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Walmart offers lesson on driving back-to-school sales

July 22, 2014

Two factors will make 2014 one of the most competitive back-to-school (BTS) seasons ever for retailers. The first, according to the most recent National Retail Federation Back to School Survey conducted by Prosper Insights & Analytics, is that the average American household shopping for BTS will spend five percent more this year on those purchases than in 2013. The second is that fewer households will be shopping for BTS, meaning overall purchases will decline.

NRF's findings serve as a backdrop for the latest news from Walmart including that the retailer has:

  • Increased its inventory of BTS items by 30 percent;
  • Cut prices by 10 percent;
  • Offered an additional 10 percent discount to teachers during its first ever Teacher Appreciation Week (July 25 - July 31).

"Price is going to be extremely important for us, as it always is," Steve Bratspies, executive vice president, general merchandise for Walmart U.S., told Bloomberg News. "It's about the best prices in the market on a large assortment."

NRF's findings suggest price will remain an important factor in BTS purchasing decisions this year.

"Throughout the history of this survey, spending has fluctuated based on family needs each year, and this summer, we expect parents to continue to use caution, but also make smart decisions for their family budget that is a good balance between what their children 'want' and what they actually need," said Matthew Shay, NRF president and CEO, in a statement.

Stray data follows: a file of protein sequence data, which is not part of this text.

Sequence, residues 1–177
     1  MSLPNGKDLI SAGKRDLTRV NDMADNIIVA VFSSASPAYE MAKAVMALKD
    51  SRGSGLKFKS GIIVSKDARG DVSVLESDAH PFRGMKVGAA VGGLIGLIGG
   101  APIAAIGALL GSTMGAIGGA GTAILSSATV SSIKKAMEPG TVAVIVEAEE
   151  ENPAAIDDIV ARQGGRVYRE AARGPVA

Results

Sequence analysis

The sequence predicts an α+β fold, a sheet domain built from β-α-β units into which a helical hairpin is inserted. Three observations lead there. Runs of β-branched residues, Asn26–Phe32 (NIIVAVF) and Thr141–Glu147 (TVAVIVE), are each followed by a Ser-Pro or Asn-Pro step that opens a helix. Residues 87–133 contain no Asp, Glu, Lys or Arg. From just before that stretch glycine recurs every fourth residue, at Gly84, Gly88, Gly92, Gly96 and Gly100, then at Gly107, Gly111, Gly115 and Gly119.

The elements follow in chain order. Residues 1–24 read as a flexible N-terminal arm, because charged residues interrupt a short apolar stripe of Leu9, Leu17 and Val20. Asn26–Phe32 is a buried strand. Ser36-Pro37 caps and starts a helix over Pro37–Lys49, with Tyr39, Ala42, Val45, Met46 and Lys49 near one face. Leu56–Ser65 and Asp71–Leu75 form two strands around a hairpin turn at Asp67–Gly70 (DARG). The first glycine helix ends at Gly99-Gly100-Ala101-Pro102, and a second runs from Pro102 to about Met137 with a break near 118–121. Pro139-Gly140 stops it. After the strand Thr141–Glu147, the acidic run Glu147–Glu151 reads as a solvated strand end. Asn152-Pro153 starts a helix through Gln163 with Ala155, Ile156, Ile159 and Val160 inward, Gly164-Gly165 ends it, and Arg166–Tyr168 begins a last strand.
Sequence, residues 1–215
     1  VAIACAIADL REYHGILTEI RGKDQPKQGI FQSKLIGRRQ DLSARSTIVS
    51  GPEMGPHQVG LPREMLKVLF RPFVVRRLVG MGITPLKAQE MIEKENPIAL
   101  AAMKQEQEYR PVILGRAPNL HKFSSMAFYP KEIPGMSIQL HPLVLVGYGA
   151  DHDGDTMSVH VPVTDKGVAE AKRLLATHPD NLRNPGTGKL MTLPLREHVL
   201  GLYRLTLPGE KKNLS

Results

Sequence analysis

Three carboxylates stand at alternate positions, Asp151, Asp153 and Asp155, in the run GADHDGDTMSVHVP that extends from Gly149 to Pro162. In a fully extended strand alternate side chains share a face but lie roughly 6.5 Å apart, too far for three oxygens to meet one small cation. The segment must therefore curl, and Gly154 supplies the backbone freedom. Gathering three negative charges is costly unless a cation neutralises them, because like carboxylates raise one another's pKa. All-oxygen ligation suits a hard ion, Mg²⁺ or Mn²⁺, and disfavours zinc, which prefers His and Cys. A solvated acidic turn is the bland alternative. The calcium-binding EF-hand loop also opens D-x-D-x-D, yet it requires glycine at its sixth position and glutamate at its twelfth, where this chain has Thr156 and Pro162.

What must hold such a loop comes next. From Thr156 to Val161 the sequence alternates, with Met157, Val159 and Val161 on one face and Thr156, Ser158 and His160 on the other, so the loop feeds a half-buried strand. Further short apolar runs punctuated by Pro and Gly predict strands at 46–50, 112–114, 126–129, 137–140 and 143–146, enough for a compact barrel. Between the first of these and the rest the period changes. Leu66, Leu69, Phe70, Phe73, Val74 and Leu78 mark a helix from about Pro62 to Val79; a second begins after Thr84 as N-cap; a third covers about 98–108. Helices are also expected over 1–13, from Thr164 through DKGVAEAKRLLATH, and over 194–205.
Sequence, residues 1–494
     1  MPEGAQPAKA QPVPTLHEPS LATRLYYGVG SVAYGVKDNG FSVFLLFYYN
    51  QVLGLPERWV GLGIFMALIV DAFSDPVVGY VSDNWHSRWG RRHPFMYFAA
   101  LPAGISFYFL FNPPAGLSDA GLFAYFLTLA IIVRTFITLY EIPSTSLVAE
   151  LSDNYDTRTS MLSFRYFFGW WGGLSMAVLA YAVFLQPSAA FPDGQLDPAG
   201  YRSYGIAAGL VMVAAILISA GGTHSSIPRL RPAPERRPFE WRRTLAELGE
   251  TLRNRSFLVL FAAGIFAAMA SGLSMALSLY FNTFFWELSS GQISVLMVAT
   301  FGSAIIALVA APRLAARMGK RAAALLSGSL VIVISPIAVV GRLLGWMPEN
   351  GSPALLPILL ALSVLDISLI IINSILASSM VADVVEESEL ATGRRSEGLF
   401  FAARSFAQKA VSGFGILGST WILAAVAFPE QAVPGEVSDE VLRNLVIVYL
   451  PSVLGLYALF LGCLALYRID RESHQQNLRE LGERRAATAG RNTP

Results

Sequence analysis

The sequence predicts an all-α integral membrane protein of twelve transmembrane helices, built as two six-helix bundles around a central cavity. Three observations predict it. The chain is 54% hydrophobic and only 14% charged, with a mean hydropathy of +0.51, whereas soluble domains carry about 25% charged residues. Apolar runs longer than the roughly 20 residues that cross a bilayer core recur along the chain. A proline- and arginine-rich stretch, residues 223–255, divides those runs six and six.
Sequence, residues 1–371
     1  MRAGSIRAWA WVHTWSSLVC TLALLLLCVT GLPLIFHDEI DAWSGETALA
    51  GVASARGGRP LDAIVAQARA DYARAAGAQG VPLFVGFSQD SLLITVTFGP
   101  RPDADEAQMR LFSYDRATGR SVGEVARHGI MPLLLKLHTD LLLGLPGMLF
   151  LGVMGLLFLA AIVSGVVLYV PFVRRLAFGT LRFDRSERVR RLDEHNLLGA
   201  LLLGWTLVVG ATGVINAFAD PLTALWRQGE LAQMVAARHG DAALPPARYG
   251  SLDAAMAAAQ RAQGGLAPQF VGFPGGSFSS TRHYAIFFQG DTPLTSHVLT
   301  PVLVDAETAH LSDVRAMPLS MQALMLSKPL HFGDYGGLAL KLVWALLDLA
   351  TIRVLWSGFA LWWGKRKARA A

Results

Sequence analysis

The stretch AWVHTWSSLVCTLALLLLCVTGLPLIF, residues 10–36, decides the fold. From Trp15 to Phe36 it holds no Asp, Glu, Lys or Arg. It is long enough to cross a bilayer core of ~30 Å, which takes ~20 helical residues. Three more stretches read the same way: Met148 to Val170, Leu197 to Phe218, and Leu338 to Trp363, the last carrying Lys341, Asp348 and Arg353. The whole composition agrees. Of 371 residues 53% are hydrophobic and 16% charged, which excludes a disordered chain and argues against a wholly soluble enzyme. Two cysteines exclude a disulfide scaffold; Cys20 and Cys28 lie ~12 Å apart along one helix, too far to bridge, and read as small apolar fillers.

Walmart's Teacher Appreciation Week offers the chain an opportunity to generate some good press along with sales.

"On average, teachers around the country spend about $1,000 readying their classrooms, and half of that comes from reaching into their own wallets to make sure students have what they need," said Mr. Bratspies in a statement. "We've had a commitment to supporting teachers in the communities we serve for many years. This program is one more way we're helping lessen the cost, increase support and set teachers up for success."


Discussion Questions:

Do you see price as being any more or less important to how well retailers will fare this back-to-school season? Will Walmart's plan enable it to gain share of BTS sales? How do you see Walmart's competitors responding?

While we value unfettered opinion, we urge you to show respect and courtesy for people or companies about whom you comment. Keep in mind that this is a public, professional business discussion. RetailWire reserves the right to edit or refuse the publication of remarks that we deem unsuitable. We may also correct for unintended spelling and grammatical errors.

Instant Poll:

Will price be more or less important to how well retailers will fare this back-to-school season?


For BTS items like paper and markers, price always seems to be very important, if not the most important consideration. Assortment also plays a role. For busy moms, being able to find what you need in one place is a plus.

Walmart is very shrewd in announcing and promoting their strategy early. Teacher Appreciation Week will not only generate more traffic with teachers who spend more, it is great press and brand building for Walmart.

What will be interesting to watch this year is the e-commerce response. For the most part BTS products are known commodities. Amazon and others should be able to compete very effectively on price. Moms seem willing to shop online for bigger ticket items like backpacks, but will they go online to purchase the consumables in quantity for BTS?